Most of the Queen Mary Island plans are complete. Here's how it'll look

The latest renderings of the Queen Mary Island entertainment complex show a 65-acre site packed from the surrounding streets to the water’s edge with stores, restaurants, sports venues and entertainment facilities.

Urban Commons, the real estate firm developing the $250-million project, said it has nearly completed the designs for the complex that the company hopes will drive nightlife in that part of Long Beach and fund repairs at the venerable cruise liner docked nearby.

The 81-year-old Queen Mary operates as a floating hotel and hosts music, food and cultural festivals throughout the year. But the ship needs $289 million in repairs over the next several years to continue to operate as a tourist attraction.

The complex proposed by Urban Commons, which has a 66-year lease on the land, would include a 7,000-seat amphitheater, 500,000 square feet of entertainment and retail, an overhauled boardwalk, public music performance space and art installations.

The hub of the complex, according to the renderings, will be dubbed Urban Adventures. It will feature a 150,000-square-foot facility with 22 sports and entertainment activities, including two rooftop surf pavilions, a zip line, a roller coaster, an indoor ice climbing venue, a ropes course and a training ground for fans of “American Ninja Warrior,” the televised obstacle course competition.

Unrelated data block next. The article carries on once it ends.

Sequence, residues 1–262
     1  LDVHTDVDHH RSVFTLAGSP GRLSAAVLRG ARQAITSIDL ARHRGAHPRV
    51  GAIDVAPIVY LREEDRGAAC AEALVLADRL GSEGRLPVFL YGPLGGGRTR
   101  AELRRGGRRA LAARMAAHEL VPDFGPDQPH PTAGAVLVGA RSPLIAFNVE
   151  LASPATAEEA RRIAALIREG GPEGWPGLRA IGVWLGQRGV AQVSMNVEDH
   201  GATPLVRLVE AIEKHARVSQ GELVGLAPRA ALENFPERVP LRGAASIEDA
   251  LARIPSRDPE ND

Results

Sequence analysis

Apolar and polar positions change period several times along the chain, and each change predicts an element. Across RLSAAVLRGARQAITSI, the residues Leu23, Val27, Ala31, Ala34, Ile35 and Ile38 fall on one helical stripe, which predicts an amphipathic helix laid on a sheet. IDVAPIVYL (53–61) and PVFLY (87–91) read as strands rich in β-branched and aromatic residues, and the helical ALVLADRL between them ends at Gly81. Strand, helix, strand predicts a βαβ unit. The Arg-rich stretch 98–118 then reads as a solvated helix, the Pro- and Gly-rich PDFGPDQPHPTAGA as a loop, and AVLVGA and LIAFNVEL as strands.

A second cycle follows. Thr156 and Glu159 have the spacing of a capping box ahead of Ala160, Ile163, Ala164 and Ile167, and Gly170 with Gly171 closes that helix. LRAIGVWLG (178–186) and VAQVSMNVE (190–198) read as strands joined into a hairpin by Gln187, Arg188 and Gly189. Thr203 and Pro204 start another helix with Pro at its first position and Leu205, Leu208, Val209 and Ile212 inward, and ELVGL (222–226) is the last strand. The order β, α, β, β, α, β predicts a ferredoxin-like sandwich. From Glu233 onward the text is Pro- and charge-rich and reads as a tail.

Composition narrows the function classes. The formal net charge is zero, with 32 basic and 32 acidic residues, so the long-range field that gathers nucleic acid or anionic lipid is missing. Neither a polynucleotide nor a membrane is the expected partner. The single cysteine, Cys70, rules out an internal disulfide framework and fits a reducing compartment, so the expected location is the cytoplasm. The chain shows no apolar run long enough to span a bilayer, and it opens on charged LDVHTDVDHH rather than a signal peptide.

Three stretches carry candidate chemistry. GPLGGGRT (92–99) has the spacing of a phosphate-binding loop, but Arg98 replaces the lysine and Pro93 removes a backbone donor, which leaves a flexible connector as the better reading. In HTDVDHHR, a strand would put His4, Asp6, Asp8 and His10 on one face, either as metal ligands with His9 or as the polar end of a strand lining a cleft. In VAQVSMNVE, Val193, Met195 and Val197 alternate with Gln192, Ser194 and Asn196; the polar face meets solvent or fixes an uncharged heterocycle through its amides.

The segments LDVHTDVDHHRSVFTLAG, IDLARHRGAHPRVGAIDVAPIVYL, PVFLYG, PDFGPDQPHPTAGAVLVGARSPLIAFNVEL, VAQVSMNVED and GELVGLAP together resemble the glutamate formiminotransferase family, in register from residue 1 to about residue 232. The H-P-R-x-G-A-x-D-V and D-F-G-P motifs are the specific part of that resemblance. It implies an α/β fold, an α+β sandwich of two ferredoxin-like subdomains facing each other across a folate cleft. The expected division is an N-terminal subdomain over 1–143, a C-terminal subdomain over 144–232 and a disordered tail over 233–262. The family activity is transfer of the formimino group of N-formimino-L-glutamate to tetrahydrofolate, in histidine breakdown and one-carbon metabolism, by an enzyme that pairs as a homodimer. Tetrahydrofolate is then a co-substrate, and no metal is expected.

Groundbreaking for the project is years away because the city of Long Beach still has numerous permits and site plans to approve. The project is being developed with the help of Benoy, an international architecture firm based in Britain.

The idea of turning the land around the Queen Mary into a thriving tourist attraction is not new. Since the ship coasted into the Long Beach harbor in 1967, plans to make the island a nightlife hot spot even included an attempt by Walt Disney Co. to incorporate the ship into a $3-billion sea-themed amusement park. A more recent plan called for a science fiction museum and time-share condominiums. None of the previous plans have taken off.

The land around the ship is now used mostly for parking. Throughout the year, the parking lot area is converted for various events, including concerts, boxing matches, a Scottish culture festival and a Halloween celebration with stage shows and haunted mazes.

hugo.martin@latimes.com

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